To a lot of people in the U.S., not necessarily Texans though, when the Winter season starts approaching the picture of powder laced ski slopes fills the head. Generally the people that enjoy skiing, snowboarding, and overall outdoor activities are environmentally conscious, but a lot of times we forget just how energy-intensive ski resorts are. Ski resorts operate snow machines that consume lots of energy and massive amounts of water, ski lifts, and many resort amenities including outdoor heated pools and hot tubs, and large hotels.
This article from The Washington Post brings some of these energy-intensive acts to light and also mentions some measures that slopes are taking to be environmentally conscious. It specifically mentions Aspen for using biodiesel in it's snow-grooming machines (we'll save the argument over biodiesel for another day...) and installing solar panels. Also, a resort in Mass. has installed an on-site wind turbine used for meeting part of the resorts energy needs.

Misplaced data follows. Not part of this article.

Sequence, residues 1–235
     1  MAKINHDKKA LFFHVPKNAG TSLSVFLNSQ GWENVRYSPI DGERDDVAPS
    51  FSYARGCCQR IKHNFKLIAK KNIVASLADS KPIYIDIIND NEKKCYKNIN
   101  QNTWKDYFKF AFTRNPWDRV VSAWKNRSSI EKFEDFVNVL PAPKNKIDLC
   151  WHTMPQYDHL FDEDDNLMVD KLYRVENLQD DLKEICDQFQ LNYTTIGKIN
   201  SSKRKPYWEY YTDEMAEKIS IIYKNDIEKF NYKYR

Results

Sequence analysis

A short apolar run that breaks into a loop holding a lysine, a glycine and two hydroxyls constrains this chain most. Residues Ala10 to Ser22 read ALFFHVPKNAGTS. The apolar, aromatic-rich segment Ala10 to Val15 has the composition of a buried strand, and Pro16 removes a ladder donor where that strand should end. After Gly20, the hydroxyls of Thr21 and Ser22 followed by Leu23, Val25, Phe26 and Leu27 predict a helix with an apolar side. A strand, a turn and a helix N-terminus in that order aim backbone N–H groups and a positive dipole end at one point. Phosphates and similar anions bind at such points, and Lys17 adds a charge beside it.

It's also interesting to note that these resorts have a very specific interest in being environmentally friendly, as they are the ones that have their money making winter season reduced for every increase in temperature due to global warming. Being environmentally conscious lends itself to all activities, especially those which allow us to enjoy nature for all it has to offer. In the article Daniel Lashof, chief climate scientist at the Natural Resources Defense Council, puts it best by saying, "being a good environmentalist isn't about giving up the activities that we enjoy doing; it's about doing them smart."